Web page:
Strand fills the image with his recognisable aesthetic. The photo is platinum print, one of the materials frequently used by photographers of the time. Strand was unique in how he printed his photos. As stated on the George Eastman House website section Notes on Photography, Strand would make large prints from small negatives. He also left them in their matte condition that was inherent with platinum print. With his printing techniques, he “added a richness to the image.” As with the time, the photo is entirely black and white. There is a heavy contrast with the black and white areas of the photo. Strand creates diagonal shapes that pull emphasis to subject of the building and away from the people.

 

Aspects

Having taken Hine’s class at the Ethical Culture Fieldston School, social change became important to Strand and appeared often in his art. As a pupil of Hine, Strand learned of the social aspect his work could have. With Wall Street, he sought to portray a social message. He captured the faceless people next to the looming financial building in order to give a warning. Strand shows “the recently built J.P. Morgan Co. building, whose huge, dark recesses dwarf the passersby with the imposing powers of uniformity and anonymity.” The people cannot escape the overwhelming power that this modern establishment will have on their future and the future of America. He warns us to not be the small people that look almost ant-like next to this building that has a massive amount of control over the American economy.

Text from the Wikipedia website

 

Ted Croner. 'Central Park South' 1947-48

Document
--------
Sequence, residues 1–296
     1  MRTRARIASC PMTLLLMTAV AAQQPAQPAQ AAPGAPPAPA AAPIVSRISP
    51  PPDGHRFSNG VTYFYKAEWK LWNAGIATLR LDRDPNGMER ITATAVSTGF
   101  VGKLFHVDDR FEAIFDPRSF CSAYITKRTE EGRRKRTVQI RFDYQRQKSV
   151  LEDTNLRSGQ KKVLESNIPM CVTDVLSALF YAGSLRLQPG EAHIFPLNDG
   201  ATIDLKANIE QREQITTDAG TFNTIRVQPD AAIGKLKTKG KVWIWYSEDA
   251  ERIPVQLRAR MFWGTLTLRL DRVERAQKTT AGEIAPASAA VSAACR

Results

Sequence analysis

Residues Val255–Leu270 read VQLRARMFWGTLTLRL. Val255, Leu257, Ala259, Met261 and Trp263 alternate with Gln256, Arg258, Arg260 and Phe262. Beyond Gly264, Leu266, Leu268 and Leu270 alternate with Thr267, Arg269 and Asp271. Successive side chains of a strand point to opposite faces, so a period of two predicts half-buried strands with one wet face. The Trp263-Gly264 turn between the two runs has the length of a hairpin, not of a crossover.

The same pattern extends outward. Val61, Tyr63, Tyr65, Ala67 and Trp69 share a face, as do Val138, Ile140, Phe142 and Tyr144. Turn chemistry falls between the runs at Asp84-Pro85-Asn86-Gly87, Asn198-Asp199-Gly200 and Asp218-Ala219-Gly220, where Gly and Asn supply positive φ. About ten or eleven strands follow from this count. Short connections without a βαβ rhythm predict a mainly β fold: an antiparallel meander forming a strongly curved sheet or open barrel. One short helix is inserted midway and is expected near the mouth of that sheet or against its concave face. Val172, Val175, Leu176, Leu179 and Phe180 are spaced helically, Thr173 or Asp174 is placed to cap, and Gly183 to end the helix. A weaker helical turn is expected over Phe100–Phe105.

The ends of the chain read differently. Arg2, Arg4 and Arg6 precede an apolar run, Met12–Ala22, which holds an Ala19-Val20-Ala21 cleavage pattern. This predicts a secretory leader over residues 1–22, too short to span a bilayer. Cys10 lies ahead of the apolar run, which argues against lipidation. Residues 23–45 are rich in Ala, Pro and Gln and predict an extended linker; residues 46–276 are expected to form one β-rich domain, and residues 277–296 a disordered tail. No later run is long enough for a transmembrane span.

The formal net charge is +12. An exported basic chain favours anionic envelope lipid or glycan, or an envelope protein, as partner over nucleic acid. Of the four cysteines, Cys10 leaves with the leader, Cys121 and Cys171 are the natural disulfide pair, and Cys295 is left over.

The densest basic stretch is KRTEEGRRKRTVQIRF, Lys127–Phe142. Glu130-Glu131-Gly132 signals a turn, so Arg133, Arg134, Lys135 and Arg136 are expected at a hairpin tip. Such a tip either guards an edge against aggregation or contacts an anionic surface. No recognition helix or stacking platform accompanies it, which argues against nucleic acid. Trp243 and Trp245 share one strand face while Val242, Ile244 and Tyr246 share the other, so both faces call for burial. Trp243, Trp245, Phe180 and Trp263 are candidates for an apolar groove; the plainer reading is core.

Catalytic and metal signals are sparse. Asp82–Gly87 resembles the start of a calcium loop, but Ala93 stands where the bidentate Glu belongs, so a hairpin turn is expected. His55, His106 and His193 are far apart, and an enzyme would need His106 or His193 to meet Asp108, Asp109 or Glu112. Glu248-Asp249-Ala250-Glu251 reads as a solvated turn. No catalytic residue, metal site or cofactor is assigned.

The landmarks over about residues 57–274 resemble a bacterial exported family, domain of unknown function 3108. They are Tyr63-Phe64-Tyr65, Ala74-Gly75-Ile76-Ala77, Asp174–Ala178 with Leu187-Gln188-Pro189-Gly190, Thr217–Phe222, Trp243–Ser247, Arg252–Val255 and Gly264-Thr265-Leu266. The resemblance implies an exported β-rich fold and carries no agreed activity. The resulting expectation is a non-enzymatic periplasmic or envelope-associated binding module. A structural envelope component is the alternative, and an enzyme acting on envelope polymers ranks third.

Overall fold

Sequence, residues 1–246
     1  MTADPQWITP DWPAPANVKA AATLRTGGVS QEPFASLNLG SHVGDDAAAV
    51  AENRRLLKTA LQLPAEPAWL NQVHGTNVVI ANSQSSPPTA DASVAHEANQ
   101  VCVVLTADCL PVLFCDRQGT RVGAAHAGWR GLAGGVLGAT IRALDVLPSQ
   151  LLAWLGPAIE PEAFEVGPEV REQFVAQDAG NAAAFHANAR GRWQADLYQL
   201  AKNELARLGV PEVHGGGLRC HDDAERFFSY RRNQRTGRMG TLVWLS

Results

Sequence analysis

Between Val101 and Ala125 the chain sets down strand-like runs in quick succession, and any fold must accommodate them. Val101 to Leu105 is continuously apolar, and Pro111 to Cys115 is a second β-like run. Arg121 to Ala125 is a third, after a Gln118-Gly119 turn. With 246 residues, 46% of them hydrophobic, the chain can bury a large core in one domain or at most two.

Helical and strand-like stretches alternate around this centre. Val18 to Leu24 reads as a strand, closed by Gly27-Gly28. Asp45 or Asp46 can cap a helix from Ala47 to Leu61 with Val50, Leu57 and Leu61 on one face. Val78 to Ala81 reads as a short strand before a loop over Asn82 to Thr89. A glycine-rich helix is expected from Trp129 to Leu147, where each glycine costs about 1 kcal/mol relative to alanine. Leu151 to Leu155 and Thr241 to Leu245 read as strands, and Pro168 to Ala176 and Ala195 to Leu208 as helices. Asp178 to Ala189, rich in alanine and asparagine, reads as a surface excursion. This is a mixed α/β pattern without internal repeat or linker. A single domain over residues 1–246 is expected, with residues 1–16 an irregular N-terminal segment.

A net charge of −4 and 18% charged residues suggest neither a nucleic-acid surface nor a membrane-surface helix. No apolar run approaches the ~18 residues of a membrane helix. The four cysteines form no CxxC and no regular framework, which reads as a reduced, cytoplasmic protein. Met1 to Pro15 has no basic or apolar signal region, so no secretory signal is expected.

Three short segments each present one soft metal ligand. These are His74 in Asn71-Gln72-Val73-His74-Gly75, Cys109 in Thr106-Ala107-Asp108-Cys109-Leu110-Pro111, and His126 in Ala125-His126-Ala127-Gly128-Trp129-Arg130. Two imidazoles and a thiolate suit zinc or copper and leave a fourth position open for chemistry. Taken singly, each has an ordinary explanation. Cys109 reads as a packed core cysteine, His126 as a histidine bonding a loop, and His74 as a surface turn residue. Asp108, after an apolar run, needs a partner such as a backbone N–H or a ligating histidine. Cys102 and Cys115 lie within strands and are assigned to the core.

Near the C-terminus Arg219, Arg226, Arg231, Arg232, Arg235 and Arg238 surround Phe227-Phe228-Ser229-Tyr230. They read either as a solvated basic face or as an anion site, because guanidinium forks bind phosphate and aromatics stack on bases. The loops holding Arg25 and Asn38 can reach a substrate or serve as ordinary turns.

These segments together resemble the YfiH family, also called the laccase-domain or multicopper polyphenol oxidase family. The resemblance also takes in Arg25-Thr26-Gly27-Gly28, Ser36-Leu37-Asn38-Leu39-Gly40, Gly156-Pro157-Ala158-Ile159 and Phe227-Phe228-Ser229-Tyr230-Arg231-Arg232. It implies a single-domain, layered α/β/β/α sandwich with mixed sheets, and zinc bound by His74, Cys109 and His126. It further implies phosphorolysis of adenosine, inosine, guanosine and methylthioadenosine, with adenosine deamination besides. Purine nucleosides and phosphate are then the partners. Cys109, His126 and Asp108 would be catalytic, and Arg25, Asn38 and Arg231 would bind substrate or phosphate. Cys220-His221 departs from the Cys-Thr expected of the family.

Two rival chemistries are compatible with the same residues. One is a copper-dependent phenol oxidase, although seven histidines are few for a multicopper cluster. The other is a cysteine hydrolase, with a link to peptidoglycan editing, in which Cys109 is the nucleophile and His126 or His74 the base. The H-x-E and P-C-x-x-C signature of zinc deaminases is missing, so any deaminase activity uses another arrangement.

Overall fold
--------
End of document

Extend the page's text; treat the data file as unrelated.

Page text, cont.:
Ted Croner (American, 1922–2005)
Central Park South
1947-48
Silver gelatin print
10 15/16 x 13 3/4″ (27.8 x 34.9 cm)
Gift of the photographer
Museum of Modern Art, New York

 

 

Ted Croner (1922-2005) was an American photographer, described as an influential member of the New York school of photography during the 1940s and 1950s. His images are said to represent the best example of this movement.

Born in Baltimore in 1922 and raised in North Carolina, Croner developed an interest in photography while in high school. He honed his skills while serving as an aerial photographer in World War II before settling in New York City in 1947. At the urging of fashion photographer Fernand Fonssagrives, he enrolled in Alexey Brodovitch’s class at The New School where he studied with Diane Arbus, Richard Avedon and Lisette Model. During this period he produced many of his most memorable images including “Taxi, New York Night, 1947-48”, which appears on the cover of Bob Dylan’s 2006 album, Modern Times. Another of Croner’s photographs was used on the cover of Luna’s album Penthouse.

Croner also had a successful career as a fashion and commercial photographer – his work was published in Harper’s Bazaar and Vogue. He also worked extensively with corporations such as Coca-Cola and Chase Manhattan Bank. Croner is best known for his haunting night images of New York City taken in the 1940s and 1950s. He was one of several important photographers who belonged to the New York school of photography.

Text from the Wikipedia website

 

Arthur Fellig (Weegee) 'Coney Island' 1940

 

Arthur Fellig (Weegee) (American, 1899-1968)
Coney Island
July 22, 1940